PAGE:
Judge Stacey Mathews of the 277th District Court presides over the Transformative Justice Program, based on the model of stakeholder and community partnerships. The TJ program team includes court staff, prosecutors from the Williamson County’s district attorney’s office, members of the defense bar and county's Juvenile Services staff.  The county aggressively seeks grant-funding for such programs to offset costs and reduce the burden on the taxpayer. The Commissioners Court proudly partners with the Texas Indigent Defense Commission and the Texas Bar Foundation to help us fund this important program.

Does a community-based program led by decision-making teams improve emerging adults’ physical and mental health and reduce recidivism compared to the current criminal justice system? I interviewed two alums of this program. I changed their real names to protect their identities.

“Laura” was born into an unstable environment in a Michigan inner-city home. Her father left the family after fathering four children in as many years. Mom, who drank heavily, moved with her three kids to a trailer home in Georgetown, leaving one son behind. When Laura was 9, CPS removed the kids from the home. She, along with the older and younger brother, were placed in a neighborhood home for two weeks and ultimately moved to a group home of strangers. While there, Laura’s mom gave up her parental rights. Later, a foster family with big hearts adopted the three children.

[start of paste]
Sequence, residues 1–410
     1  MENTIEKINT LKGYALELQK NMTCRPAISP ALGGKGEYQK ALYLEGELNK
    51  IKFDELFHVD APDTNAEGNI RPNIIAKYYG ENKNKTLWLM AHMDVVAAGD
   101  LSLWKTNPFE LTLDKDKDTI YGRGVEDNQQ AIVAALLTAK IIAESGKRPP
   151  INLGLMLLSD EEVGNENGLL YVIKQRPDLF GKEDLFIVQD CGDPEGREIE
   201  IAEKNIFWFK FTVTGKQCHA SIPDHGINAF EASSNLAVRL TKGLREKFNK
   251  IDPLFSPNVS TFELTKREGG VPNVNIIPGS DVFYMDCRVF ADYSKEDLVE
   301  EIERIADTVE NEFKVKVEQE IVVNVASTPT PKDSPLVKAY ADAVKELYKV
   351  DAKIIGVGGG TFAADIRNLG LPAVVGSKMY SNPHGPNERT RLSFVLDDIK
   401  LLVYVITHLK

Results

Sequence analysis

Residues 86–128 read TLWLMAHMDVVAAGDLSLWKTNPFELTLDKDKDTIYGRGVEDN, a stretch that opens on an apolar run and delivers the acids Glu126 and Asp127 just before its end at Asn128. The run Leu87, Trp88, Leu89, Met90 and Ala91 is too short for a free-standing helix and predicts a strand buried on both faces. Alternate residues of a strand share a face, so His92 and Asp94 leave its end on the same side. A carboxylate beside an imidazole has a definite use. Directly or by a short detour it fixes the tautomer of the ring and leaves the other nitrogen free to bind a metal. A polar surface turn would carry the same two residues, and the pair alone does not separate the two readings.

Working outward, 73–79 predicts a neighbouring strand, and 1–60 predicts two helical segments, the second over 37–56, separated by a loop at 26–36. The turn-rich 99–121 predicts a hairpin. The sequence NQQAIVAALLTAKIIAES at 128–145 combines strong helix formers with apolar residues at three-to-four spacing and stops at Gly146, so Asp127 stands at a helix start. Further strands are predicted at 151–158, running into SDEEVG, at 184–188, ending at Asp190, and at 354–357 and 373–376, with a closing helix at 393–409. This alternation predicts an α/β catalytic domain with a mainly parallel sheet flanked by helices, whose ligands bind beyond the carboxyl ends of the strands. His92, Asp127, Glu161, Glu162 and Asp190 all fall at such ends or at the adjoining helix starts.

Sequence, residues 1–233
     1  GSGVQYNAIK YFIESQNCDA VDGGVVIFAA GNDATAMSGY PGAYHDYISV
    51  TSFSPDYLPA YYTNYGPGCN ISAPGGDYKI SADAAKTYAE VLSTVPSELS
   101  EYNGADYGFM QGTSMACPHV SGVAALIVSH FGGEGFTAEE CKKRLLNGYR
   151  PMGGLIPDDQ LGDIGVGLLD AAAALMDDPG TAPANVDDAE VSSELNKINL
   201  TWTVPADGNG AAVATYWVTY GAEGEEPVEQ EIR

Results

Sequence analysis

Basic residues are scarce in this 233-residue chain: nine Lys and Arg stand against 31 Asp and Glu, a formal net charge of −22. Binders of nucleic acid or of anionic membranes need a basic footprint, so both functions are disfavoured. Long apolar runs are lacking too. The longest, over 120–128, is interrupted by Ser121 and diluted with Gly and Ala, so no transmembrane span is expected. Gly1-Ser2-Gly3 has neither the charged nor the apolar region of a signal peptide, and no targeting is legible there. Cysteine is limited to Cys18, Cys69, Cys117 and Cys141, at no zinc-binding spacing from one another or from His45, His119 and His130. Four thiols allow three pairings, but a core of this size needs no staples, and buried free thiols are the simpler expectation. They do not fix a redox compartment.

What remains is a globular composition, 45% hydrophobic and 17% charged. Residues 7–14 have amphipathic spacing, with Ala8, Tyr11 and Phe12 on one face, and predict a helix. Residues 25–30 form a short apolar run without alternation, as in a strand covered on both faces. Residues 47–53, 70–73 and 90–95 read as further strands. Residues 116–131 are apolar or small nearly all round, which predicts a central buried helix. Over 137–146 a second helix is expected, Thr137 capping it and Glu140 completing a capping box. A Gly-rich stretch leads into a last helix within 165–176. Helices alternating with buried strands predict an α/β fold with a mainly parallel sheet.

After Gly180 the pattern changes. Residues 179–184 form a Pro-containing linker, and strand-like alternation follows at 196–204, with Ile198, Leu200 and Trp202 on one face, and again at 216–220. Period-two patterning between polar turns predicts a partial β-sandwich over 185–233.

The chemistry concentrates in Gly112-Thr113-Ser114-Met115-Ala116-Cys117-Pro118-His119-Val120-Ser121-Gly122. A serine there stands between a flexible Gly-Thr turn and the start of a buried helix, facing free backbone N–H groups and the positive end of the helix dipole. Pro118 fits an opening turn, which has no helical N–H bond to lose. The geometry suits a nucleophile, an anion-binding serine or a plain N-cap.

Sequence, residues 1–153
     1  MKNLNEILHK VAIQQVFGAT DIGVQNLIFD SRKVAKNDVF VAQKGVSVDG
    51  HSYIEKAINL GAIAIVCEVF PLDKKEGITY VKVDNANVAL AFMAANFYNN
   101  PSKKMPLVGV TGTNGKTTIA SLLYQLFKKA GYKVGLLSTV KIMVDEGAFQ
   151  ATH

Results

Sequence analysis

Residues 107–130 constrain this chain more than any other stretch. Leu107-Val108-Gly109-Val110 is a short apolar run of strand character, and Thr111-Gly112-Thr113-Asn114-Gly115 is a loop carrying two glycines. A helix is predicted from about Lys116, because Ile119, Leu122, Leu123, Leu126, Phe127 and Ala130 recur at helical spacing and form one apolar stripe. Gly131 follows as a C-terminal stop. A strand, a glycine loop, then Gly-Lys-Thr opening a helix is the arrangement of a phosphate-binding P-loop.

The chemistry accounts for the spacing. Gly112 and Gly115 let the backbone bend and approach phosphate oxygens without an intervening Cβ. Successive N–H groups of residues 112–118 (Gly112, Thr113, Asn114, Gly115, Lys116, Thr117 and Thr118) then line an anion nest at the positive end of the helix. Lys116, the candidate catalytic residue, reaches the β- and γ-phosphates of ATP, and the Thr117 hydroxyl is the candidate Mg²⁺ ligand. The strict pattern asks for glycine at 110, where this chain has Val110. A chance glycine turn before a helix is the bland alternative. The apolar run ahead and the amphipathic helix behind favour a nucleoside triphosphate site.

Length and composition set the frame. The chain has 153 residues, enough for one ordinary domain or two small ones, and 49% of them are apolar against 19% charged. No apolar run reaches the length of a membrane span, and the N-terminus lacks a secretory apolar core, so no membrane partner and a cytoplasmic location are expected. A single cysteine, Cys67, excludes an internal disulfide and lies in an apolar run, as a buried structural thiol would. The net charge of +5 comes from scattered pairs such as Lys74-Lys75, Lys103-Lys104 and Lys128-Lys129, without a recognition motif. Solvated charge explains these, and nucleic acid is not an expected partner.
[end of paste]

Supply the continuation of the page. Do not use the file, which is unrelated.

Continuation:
Laura thrived in her first two years of high school, joining ROTC, the Color Guard and becoming active in community service. However, her fragile life foundation began crumbling during her junior year, and she lost interest in the programs she had so enjoyed. Lacking friends outside of her prior groups, she drifted. In her words, “everything became meaningless.” Then her new parents divorced, and she moved again with her adoptive dad.

She started associating with troubled kids and began making poor decisions. She was arrested in Leander with a bag containing drugs and paraphernalia (the result of a group purchase) on a felony charge to the terror of her younger brother who witnessed her being handcuffed and placed in a police vehicle.